David Mackanic of Cary, N.C., a junior double majoring in engineering in the College of Engineering and chemistry in the College of Science and a University Honors student, has been awarded a Barry M. Goldwater Scholarship for the 2014-15 academic year.

He is among 283 sophomore or junior students selected for the honor. Faculty members from colleges and universities across the United States nominated more than 1,100 mathematics, science, and engineering students for consideration of the award.

In addition, Mark Brown of Herndon, Va., a junior double majoring in physics and mathematics in the College of Science and University Honors student, earned a 2014 Goldwater Scholarship Honorable Mention, one of more than 250 students given this distinction.

David Mackanic – Goldwater Scholar

Mackanic got involved in undergraduate research his first semester at Virginia Tech with a student outreach group called Bridges to Prosperity. They looked at concrete mixing compositions and techniques that may impact the strength of concrete used to build in third-world countries.

Mackanic has also participated in two National Science Foundation funded Research Experience for Undergraduate programs. In summer 2012, Mackanic went to Beijing, China, to study hydrodynamic profiles of vibro-fluidized granular material. The following summer, Mackanic worked at Massachusetts Institute of Technology, developing a method of creating new nanostructured materials that were highly effective as super capacitor electrodes.

In addition, Mackanic has worked on research projects with faculty at Virginia Tech, including the lab of Michael Ellis, associate professor of mechanical engineering, where he investigates novel materials for lithium air batteries. Robert Moore, professor of chemistry, jointly advises the project.

“David is inquisitive, creative, and an extremely fast learner. When I explain things to students, I often start at an abstract level and then explain again with more detail or specific examples. The latter steps are rarely necessary with David as his insight allows him to quickly grasp new material. This characteristic is also apparent in David’s ability to read technical literature, where I find that his depth of understanding is more appropriate to a second year graduate student than to a junior in his undergraduate studies,” Ellis said.

Mackanic is also a member of the Honors Residential College, currently serving as a resident advisor. He also is active in the Intervarsity Christian Fellowship, Bridges to Prosperity, and Ultrarunning Club at Virginia Tech.

“Winning the Goldwater Scholarship is a great honor,” Mackanic said. “I am very compelled by the research that I am involved in. The most meaningful aspect about the scholarship is that other people find my research compelling. It is great to explain why my field of research is important and have others agree.”

After finishing his undergraduate degree, Mackanic says he plans to pursue a Ph.D. in materials science to develop novel materials for energy storage solutions. Ultimately, he says he would like to research technologies that can enable a society powered by renewable energy either in academia or industry.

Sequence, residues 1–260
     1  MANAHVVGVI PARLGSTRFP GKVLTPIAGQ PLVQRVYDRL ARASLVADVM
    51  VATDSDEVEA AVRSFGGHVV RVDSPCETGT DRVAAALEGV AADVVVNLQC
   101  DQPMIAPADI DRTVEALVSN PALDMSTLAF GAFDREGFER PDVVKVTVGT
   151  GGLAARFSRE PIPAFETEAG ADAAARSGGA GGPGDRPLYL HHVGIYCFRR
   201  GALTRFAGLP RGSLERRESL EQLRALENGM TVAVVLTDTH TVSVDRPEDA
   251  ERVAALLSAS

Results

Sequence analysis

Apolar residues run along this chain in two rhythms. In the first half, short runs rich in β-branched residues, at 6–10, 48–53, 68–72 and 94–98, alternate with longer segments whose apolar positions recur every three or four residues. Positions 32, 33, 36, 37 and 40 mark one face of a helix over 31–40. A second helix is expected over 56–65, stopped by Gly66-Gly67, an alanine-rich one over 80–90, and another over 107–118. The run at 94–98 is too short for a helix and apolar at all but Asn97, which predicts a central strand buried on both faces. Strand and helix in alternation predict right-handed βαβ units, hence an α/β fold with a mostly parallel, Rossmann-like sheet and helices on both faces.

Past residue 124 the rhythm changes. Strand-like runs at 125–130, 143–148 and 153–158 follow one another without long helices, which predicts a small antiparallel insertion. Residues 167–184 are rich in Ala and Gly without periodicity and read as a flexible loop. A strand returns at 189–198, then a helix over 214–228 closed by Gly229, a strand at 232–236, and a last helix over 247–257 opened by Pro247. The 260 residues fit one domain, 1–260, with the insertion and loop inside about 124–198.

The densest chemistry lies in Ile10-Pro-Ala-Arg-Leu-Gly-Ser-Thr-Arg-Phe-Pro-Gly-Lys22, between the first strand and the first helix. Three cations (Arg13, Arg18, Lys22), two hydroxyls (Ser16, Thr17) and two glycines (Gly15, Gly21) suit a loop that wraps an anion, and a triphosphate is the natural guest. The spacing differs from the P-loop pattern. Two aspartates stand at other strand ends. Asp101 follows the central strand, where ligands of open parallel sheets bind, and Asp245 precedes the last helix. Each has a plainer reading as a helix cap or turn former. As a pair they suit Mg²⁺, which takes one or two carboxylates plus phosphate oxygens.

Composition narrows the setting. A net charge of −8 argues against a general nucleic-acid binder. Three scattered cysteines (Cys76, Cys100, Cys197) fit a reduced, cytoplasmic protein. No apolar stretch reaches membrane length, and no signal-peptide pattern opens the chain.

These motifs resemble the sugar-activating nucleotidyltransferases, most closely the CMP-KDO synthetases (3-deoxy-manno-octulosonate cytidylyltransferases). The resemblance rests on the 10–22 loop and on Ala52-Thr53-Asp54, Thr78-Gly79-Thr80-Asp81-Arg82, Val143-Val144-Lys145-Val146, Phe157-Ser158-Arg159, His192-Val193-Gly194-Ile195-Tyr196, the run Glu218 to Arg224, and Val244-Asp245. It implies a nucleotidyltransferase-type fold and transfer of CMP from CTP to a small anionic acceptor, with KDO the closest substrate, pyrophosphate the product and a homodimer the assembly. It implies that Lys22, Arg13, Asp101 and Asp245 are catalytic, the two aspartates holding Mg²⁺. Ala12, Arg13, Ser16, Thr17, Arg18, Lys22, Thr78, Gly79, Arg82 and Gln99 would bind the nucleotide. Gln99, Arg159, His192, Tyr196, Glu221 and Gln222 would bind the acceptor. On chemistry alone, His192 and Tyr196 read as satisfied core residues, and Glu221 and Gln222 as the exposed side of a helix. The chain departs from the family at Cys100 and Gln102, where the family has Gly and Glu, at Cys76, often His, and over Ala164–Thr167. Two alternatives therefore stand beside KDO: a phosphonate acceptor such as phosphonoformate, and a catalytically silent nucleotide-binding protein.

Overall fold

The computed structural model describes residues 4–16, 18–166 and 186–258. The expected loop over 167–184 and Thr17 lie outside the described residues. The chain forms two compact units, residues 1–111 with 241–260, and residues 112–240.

Mark Brown – Honorable Mention

Brown is actively involved in undergraduate research, pursuing opportunities on and off Virginia Tech’s campus. Since fall 2012, Brown has worked with Michel Pleimling, associate professor of physics on projects in the field of theoretical condensed matter physics.

"Since the beginning of my academic career, I have never met an undergraduate with so much motivation, creativity, reliability, analytical/computational skills, physical intuition, and perseverance,” said Michel Pleimling, associate professor of physics. “Mark's abilities and promise put him well ahead of all other Goldwater scholars I have known."

During summer 2013, Brown participated in a Research Experience for Undergraduates program hosted at Cornell University’s Laboratory for Elementary Particle Physics.

Brown was a member of the inaugural class of the Integrated Science Curriculum at Virginia Tech and now helps tutor students in the curriculum. He lives in the Hillcrest Honors Housing Community and participates in ensembles and jazz, concert, and marching bands at the university.

Brown says he hopes to pursue a Ph.D. in physics and go on to do research and teach as a post-doctorate and then a university professor.

Dedicated to its motto, Ut Prosim (That I May Serve), Virginia Tech takes a hands-on, engaging approach to education, preparing scholars to be leaders in their fields and communities. As the commonwealth’s most comprehensive university and its leading research institution, Virginia Tech offers 240 undergraduate and graduate degree programs to more than 31,000 students and manages a research portfolio of $513 million. The university fulfills its land-grant mission of transforming knowledge to practice through technological leadership and by fueling economic growth and job creation locally, regionally, and across Virginia.

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